The role of management
Exactly why sustainability correlates with lower risk is difficult to prove statistically, because of the qualitative factors involved. Interviews with account managers, combined with our experience working with other banks on ESG-related initiatives, suggest that the quality of management plays an important role.
Higher-caliber management establishes business models that foster financial stability and sustainability. Such investments can lead to greater operational efficiency, by reducing by-products and waste and by more efficiently allocating resources. In turn, efficient resource allocation improves a firm’s financial health and lowers its default risk.
For example, Rabobank sees that Dutch organic grocery chain Ekoplaza actively focuses on reducing food waste by optimizing its supply chain and donating produce that is almost out of date. Overall, the bank’s ESG-focused clients tend to have more efficient, long-term-oriented operations and thus pose a lower credit risk for the bank.
Using ESG analysis to improve the business of lending
Given the durable connection between sustainability and risk, banks have an opportunity to improve their lending business through client management, risk assessments, loan pricing, funding, and, in the future, potentially capital models.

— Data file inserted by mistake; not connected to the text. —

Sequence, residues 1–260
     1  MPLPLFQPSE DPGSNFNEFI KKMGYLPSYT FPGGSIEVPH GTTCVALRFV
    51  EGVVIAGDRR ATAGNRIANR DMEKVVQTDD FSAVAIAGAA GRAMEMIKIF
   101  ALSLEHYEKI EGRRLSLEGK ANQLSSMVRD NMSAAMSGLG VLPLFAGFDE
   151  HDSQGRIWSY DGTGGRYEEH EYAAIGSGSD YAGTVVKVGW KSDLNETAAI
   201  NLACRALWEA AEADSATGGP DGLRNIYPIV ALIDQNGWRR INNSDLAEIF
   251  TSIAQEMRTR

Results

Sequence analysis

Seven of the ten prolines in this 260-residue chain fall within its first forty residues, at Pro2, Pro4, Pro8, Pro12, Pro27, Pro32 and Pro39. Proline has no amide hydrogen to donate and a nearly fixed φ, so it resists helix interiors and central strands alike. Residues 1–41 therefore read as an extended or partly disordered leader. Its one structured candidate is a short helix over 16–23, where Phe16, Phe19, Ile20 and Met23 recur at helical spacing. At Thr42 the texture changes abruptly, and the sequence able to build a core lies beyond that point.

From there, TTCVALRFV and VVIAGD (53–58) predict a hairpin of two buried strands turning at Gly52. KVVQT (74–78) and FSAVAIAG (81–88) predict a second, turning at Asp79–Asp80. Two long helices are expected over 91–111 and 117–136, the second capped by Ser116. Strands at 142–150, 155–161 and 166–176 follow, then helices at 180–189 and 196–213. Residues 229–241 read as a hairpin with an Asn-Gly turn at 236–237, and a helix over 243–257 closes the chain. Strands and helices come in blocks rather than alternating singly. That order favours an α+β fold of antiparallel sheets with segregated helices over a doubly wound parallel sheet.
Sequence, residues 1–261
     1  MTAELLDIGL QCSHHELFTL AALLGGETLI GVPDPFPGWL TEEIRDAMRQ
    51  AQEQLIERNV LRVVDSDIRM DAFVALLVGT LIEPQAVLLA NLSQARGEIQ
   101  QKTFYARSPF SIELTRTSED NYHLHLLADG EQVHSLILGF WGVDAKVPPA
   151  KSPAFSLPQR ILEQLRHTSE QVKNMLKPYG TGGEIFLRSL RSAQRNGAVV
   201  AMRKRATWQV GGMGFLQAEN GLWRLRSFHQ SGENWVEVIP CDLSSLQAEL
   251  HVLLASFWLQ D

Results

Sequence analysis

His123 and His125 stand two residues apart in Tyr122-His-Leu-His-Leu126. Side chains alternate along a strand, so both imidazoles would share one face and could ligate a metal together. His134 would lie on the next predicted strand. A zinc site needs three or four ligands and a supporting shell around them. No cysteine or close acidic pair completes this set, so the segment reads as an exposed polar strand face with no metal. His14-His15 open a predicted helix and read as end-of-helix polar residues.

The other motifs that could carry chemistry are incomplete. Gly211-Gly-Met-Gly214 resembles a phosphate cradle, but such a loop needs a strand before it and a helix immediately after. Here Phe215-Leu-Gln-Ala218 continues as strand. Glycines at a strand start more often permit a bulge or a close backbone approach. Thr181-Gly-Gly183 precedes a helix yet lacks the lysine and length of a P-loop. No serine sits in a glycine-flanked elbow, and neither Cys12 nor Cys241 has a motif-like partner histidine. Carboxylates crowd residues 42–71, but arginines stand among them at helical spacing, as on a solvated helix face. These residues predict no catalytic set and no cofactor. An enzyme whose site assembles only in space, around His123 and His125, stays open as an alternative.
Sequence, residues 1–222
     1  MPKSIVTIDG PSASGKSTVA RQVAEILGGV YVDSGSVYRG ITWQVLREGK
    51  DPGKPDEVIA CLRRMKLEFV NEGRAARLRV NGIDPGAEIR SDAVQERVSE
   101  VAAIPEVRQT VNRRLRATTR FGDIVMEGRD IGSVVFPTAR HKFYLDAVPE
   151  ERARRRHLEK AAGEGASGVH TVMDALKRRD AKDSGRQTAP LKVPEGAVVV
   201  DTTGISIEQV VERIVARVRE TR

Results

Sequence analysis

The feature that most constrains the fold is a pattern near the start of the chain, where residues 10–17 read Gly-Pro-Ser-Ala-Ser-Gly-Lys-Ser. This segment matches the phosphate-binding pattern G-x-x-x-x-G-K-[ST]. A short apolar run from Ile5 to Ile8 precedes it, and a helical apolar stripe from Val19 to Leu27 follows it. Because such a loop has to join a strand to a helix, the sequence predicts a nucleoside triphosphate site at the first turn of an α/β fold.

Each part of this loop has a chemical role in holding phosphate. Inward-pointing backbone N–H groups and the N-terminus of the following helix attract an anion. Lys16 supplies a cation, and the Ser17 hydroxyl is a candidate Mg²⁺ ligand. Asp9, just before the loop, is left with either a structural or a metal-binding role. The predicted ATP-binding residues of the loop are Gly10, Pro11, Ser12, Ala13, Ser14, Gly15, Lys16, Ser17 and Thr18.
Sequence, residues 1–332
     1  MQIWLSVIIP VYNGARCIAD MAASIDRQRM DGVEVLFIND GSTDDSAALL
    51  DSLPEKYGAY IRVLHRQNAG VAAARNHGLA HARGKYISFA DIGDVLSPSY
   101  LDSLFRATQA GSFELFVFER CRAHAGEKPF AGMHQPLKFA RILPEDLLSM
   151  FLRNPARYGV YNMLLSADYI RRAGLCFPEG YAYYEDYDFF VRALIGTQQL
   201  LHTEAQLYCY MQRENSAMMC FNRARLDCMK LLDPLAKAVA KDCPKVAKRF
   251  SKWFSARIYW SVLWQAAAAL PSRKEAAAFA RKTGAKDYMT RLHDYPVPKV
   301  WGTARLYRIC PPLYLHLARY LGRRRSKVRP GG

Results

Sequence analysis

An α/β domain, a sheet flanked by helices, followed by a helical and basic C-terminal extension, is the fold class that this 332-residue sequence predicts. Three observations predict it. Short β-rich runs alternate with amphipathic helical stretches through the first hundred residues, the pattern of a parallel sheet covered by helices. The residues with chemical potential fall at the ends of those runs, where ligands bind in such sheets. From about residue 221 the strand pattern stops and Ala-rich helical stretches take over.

Advanced client management. Client dialogues should expand to cover how performance on ESG dimensions affects the risk of default or falling into arrears, as well as the long-term benefits. The choice of clients can start with companies that have a relatively low ESG score but strong financials and senior managers willing to make changes. A bank can steer this effort centrally by, for instance, focusing on industries in which regulation or customer priorities call for ESG initiatives.
Enhanced risk assessment. Adding in-depth analysis of ESG variables will increase the accuracy of risk models, enabling banks to make more informed judgments about each client’s risk profile. And a better assessment of credit risk can give banks a competitive edge.
Adjusted loan pricing. Financial incentives will help motivate clients to invest in sustainability. Rabobank has reduced the price of loans to high ESG performers such as Ekoplaza. Better pricing could serve as a commercial strategic advantage for banks.
Improved funding cost. Funds have already been made available for ESG investment from sources such as Europe’s central banks. The latest initiative includes a fund launched by the Bank for International Settlements for green-bond investments by central banks. Investor demand for sustainable assets currently outstrips supply, so a bank that can securitize and sell its ESG-intensive loans will be able to obtain cheaper funding.
Longer term, we imagine that further analysis, such as a time series, of the possible causality between sustainability and credit risk could convince regulators to allow banks to hold less capital against loans to companies with high ESG metrics.
* * *
Many banks clearly want to further ESG goals in their own and their clients’ activities. Recently, 43 major banks formed the Net-Zero Banking Alliance, convened by the United Nations to support the transition of the real economy to net-zero emissions. Rabobank’s experience should give banks confidence that they can help attain these lofty goals, and improve their economics in the bargain, by analyzing and working with the private companies in their own portfolios.